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FNV Scripting: NX Variables

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FNV Scripting: NX Variables



Required knowledge: references v. base forms; script variables (floats/integers/ref vars); get & set

Req knowledge for advanced use: strings, string variables, array variables, referring to a quest variable in dialog etc conditions

So… if you spend any time around the sexout sections on LL you’ll have seen the word ‘nx’ pop up. It’s an extra set of functions that comes with the NVSE Extender by prideslayer. The most common NX functions that we use are the NX variable functions.

An nx variable function…

  • lets you store game information on a reference
  • as an nx variable – EVFl (for floats and integers), or EVFo (for forms – refs, base forms, dynamic refs) with NX_Get or NX_Set
  • without needing to declare it in your script: as soon as you set it, it exists on the reference:

someRef.NX_SetEVFl “thenameyougiveit” someNumericValue/someFloat/someInteger
someRef.NX_SetEVFo “thenameyougiveit” someForm/someRef

“the name you give it” = the key

and being reference functions, NX_Set/GetEVF* functions can use implied reference syntax too


To make it a bit more concrete, if you wanted to keep track of how many drinks actors have had, you'd both create the variable "DrinksDrunk" and manipulate its value by setting it on the reference:

BuddyRef.NX_SetEVFl "DM:DrinksDrunk" 1

and the same for their favorite poison or favorite boozing buddy:

BuddyRef.NX_SetEVFo "DM:FavoriteDrink" Scotch
BuddyRef.NX_SetEVFo "DM:BestestFriendInTheWholeWorld" Buddy2Ref


  • knowing that it will stay on that reference in your save game, and only on that reference; it does not need anything in your mod once it exists, so you could uninstall the mod that set it and it’ll still be there
  • and if any mod wants to read that information, it just can, from the ref, as long it knows what the key is:

set somefloat/integer to someRef.NX_GetEVFl “whateverkeyithas”

set somescriptRef to someRef.NX_GetEVFo “whateverkeyithas”



int iDrinkCount
ref favDrink
set iDrinkCount to BuddyRef.NX_GetEVFl "DM:DrinksDrunk"
set favDrink to BuddyRef.NX_GetEVFo "DM:FavoriteDrink"
if BuddyRef.GetItemCount favDrink > 0 ; we have booze
     BuddyRef.CIOS favDrink             ; drinking it
     BuddyRef.removeitem favDrink 1     ; one fewer than before
     set iDrinkCount to iDrinkCount + 1 
     BuddyRef.NX_SetEVFl "DM:DrinksDrunk" iDrinkCount ; keeping track
if 10 < BuddyRef.NX_GetEVFl "DM:DrinksDrunk" ; might have overdone it
     BuddyRef.CIOS ReallyStinkingDrunkSpell

A different mod that wants to read that information, does not need yours as a master to do it.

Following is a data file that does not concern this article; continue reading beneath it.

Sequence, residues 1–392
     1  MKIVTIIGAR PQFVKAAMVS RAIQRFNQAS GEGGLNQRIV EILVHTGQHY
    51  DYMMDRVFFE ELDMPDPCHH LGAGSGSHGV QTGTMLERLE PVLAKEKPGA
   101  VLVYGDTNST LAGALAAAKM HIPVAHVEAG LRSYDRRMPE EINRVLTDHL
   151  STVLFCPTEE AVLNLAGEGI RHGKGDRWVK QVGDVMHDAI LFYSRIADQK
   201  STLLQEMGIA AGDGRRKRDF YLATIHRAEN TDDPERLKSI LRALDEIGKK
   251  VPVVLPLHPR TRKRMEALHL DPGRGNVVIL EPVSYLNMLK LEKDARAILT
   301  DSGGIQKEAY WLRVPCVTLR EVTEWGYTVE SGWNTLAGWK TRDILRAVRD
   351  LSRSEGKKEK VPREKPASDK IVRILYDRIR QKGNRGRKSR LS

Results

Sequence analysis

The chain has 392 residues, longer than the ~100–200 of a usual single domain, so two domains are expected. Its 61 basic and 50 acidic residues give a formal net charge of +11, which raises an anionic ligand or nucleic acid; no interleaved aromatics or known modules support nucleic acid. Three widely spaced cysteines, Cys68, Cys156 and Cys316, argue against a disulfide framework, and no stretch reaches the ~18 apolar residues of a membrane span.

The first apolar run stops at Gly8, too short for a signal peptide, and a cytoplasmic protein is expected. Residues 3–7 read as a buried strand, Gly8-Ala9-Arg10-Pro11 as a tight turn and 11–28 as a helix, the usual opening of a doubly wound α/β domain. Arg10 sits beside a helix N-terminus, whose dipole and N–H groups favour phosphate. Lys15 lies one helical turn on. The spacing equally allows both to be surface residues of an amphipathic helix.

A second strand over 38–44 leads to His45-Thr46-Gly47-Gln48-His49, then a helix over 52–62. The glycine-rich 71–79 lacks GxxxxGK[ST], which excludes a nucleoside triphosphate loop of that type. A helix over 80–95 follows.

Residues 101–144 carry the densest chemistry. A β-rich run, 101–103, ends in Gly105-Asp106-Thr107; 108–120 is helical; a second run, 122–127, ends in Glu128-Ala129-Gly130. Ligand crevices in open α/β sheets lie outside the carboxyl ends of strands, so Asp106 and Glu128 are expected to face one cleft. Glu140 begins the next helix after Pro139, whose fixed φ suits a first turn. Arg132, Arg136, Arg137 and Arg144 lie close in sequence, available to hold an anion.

And you can do all this tracking on as many NPCs as you'd want.



ref BuddyRef

set BuddyRef to whoever



  • you can have as many nx vars on any ref as you want
  • and if you don’t need them anymore, you get rid of them like this:

someRef.NX_ClrEFVl “key”
someRef.NX_ClrEVFo “key”

or, getting rid of a bunch of them, you can do:
someRef.NX_ClrEVFl “partthatallkeysshare” 2
someRef.NX_ClrEVFo “partthatallkeysshare” 2


Our drinking mod started all keys with "DM", so a complete wipe of all drinking-related information on BuddyRef would look like:

BuddyRef.NX_ClrEVFl "DM:" 2
BuddyRef.NX_ClrEVFo "DM:" 2

leaving a clean slate and a clear conscience.


This means that you can have a whole bunch of custom variables sticking to whatever actor or thing you want in your game. No effect, no token, no quest script needed, just to store that information, and that reduces mod conflicts and makes mods able to communicate with each other without mastering & load order crap. If you want to store any kind of information about an actor, for instance – their sexual orientation, love interest, how pregnant they look, favorite pizza parlor – you just stick it on that actor, where you'll find it when you need it.
Good practice tip:
You never know, someone may think of using the exact same key for an nx variable as you without using it for the same thing. So most of us using it just have a bit at the front of the string that tells us what mod it’s from: “MyCleverModAcronym:restofthekey” etc.

Another good practice tip:
Because this really allows other mods to consult and do things with information that you store in an nx var, it's a good idea to clearly state which nx vars you use, especially if you use a lot. You can store them all in a dummy script in your mod, stick it in a spoiler to your op, add a text file to your download, whatever. (If you plan to use it for sexout, have a look at this thread.)


with NX12 comes the ability to store and retrieve strings as an EVST variable: NX_SetEVST, NX_GetEVST, and NX_ClrEVST. You can do this with both actual strings and string variables.

To continue our boozing example:

string_var sv_quote
BuddyRef.NX_SetEVST "DM:BoozeQuote" "Champagne for my real friends - real pain for my sham friends, ha ha!"
BuddyRef.NX_SetEVST "DM:DrunkType" "Aggressive"
if BuddyRef.GetItemCount favDrink > 0 ; we have booze
    BuddyRef.CIOS favDrink ; drinking it
    let sv_quote := BuddyRef.NX_GetEVST "DM:BoozeQuote"
    MessageEX "%z" sv_quote ; will pop up a message with the quote in it
if 10 < BuddyRef.NX_GetEVFl "DM:DrinksDrunk"
   if eval BuddyRef.NX_GetEVST "DM:DrunkType" == "Aggressive"
      BuddyRef.startcombat playerref

With NVSE4+ come a whole slew of string var functions that allow you store, modify and retrieve strings on the fly. In combination with the ToString function (short: $), which allows you to pass string vars to functions that would otherwise expect an actual string, this means you can create nx keys dynamically, and in the case of EVST, values too. This means you can do something like: